The staccato beat of conga drums rises over the deep voice of a bass guitar and the higher trills of the timbales and piano. Head dancer Evan Margolin and his bevy of experienced instructors lead students in classes that take beginners through basic footwork and salsa rhythms, with intermediate and advanced sessions offering salsa aficionados more challenging instruction. The social class structure—partners rotate throughout every session—creates a low-pressure learning environment and keeps dancers from scrambling to locate a partner or human-shaped tupperware container. The one-hour beginner classes are mostly filled with salsa novices and new dancers, and Dance SF's experienced and engaging local salsateers are patient and friendly when showing new students how to bust well-timed moves. During intermediate classes, which require six months or more of social dancing experience, students focus on timing and cross-body leads with turns. After some evening classes, new dancers are invited to join an all-night salsa party where they can put their new moves in practice. Students should wear comfortable clothing, which includes dancing shoes, but does not include rear-flapped onesie pajamas.
Jill Dailey McIntosh has always been intrigued by the human body and how it moves?so much so that she graduated in 1991 with a kinesiology degree and soon thereafter decided to open her own Pilates teaching studio. But it wasn't until years later that this curiosity would manifest itself in a single question: "How can one aggressively transform the shape of their body while still maintaining proper alignment of the spine?" Eventually Jill began to examine her diverse fitness background, pulling low-impact movements from ballet, Pilates, and even orthopedic-exercise routines to create the basis for her fitness style, The Dailey Method.
Now, more than a decade later, Dailey's fitness routine has ballooned into studios sprawled across more than 10 states and gained praise from Self, Allure, FitPregnancy, and InStyle magazines. Regardless of the location, instructors remain true to Jill's mission of offering a diverse series of exercises that focus on toning and lengthening the body while lengthening the spine and building strong core muscles.
Tony Carr was something of a renaissance man, simultaneously holding degrees from UCLA and UC Irvine, working on a vaccine for Alzheimer's, and preparing for a sailboat race to Hawaii. His regatta ambitions, however, were unjustly cut short by a debilitating lower-spine injury. Despite this twist of fate, Tony persisted, and took up Bikram yoga at the Bikram Yoga College of India as just the latest endeavor of a man with diverse ambitions. Within one month, his symptoms had been alleviated, and within four months they had almost vanished completely.
Tony had found his new passion, and he immersed himself in it with enough enthusiasm to lose 30 pounds—the average British child's entire net worth—and transform his body in the process. He traveled to India and studied personally with Bikram Choudhury, the father of Bikram yoga. Tony became certified to teach in 1998. Now he leads classes at Bikram Yoga College of India, where he guides students through the 26 postures in the hopes that they, too, can transform their lives.
Monkey Yoga Shala's attentive instructors help students hone energy, balance, and strength with individualized instruction in a variety of specialized yoga classes. The studio's signature Isometric Monkey yoga melds aspects of dance, martial arts, and Ashtanga yoga to create an exhilarating low-impact workout. Additionally, resistance stretches lengthen limbs as instructors personally assist students in finding their most comfortable pose. In Vinyasa classes, aspiring yogis harness deliberate breathing to flow through asanas and backbends with the grace of a swan performing downward-facing dog. New mothers gather for 90-minute Mom & Baby sessions, toting tots through a series of mind-body exercises designed to increase energy and facilitate more focused baby-bottle juggling. Monkey Yoga's flexible roster of early-morning and late-night classes beckons participants to the spacious studio, which glows with natural light and hardwood floors polished well enough to reflect the radiance emanating from students? auras.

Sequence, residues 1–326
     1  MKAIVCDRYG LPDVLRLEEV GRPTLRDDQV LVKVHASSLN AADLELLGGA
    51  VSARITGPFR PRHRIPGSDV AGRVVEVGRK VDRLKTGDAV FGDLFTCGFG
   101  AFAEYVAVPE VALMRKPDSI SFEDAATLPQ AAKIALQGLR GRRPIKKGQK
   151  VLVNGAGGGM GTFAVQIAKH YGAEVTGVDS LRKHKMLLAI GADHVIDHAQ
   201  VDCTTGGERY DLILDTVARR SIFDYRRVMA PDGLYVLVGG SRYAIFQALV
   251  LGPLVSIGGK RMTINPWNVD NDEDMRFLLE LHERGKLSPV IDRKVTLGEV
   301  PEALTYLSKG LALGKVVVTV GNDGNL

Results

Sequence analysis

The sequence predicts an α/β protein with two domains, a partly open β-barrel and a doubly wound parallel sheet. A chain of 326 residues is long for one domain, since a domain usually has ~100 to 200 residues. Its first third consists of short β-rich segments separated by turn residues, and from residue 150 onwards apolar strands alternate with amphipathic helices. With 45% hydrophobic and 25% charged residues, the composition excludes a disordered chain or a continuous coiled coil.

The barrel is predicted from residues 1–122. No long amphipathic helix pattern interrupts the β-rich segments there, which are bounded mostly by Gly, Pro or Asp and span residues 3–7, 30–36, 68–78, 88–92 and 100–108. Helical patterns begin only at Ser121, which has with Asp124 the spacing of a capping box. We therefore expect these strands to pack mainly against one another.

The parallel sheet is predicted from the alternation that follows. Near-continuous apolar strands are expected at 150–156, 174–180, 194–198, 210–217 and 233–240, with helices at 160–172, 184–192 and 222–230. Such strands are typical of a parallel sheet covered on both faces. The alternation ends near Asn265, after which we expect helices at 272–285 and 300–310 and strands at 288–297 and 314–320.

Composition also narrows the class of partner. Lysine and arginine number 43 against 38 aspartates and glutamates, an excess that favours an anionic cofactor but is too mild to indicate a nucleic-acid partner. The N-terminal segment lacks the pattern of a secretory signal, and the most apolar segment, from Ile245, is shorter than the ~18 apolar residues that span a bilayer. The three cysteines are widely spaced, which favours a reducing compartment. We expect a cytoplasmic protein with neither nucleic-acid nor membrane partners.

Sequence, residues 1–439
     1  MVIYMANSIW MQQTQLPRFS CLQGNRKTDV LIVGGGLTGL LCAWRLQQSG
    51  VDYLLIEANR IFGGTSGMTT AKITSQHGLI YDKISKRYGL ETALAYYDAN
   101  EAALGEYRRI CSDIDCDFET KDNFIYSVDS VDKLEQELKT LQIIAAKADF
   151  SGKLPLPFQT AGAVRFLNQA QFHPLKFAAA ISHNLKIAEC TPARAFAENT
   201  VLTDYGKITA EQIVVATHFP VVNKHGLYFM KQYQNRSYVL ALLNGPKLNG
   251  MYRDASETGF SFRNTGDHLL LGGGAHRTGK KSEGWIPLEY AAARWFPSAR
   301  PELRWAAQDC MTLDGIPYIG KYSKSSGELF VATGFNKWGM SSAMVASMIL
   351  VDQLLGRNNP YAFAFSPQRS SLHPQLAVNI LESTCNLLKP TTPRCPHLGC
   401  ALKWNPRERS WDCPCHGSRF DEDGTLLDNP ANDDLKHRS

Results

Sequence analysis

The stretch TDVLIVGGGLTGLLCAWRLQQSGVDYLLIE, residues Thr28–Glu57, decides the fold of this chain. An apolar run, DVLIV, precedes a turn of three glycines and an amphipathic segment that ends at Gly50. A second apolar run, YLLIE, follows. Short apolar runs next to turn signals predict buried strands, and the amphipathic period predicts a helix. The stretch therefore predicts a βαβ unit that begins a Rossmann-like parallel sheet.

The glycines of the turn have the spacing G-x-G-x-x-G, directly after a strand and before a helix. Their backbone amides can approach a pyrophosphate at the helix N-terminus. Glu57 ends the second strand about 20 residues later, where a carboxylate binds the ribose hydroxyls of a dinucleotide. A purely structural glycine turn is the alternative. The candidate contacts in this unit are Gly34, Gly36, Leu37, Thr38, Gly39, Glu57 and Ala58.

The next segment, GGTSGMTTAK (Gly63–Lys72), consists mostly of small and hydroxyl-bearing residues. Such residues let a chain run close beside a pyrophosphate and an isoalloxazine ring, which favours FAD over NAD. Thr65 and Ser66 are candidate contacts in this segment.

With the vision of a bracelet in mind, a student lays a strip of steel over an anvil and begins bending it under the blows of a hammer. Down the hall, another budding artist pours molten glass into a mold, which soon cools into a decorative orb. Each year, the faculty at The Crucible educates roughly 5,000 adults and children in arts that range from ceramics to fire dancing. Starting in 1999 with a $1,750 grant, the nonprofit's founders?a small group of artists that includes sculptor Michael Sturtz?nurtured a vision that took them from a 6,000-square-foot warehouse to a solar-powered, 56,000-square-foot arts-education studio. Beyond the classrooms, The Crucible also hosts galleries where both students and faculty show their work, exploring the various elements of design or states of longing for a Twinkie.
The two grand exhibition rooms at the Institute of Mosaic Art show off the textured tile work of its staff and visiting artists, with more works displayed outside in its lush garden. Within, more than 80 classes and workshops for all skill levels cover a wide range of topics and techniques, including working with glass, smalti, and tiles, as well as projects such as jewelry and exterior decorations. Visiting artists conduct special workshops, giving students insight into their creative processes and suggestions on the best brand of car windshield to smash for supplies.
The institute also houses Mosaic Studio Supply, which fills its homey halls with materials and manuals for all projects. Mosaic makers can browse the stock of a la carte supplies, from colorful tiles to tools and adhesives, as well as kits full of color-coordinated pieces.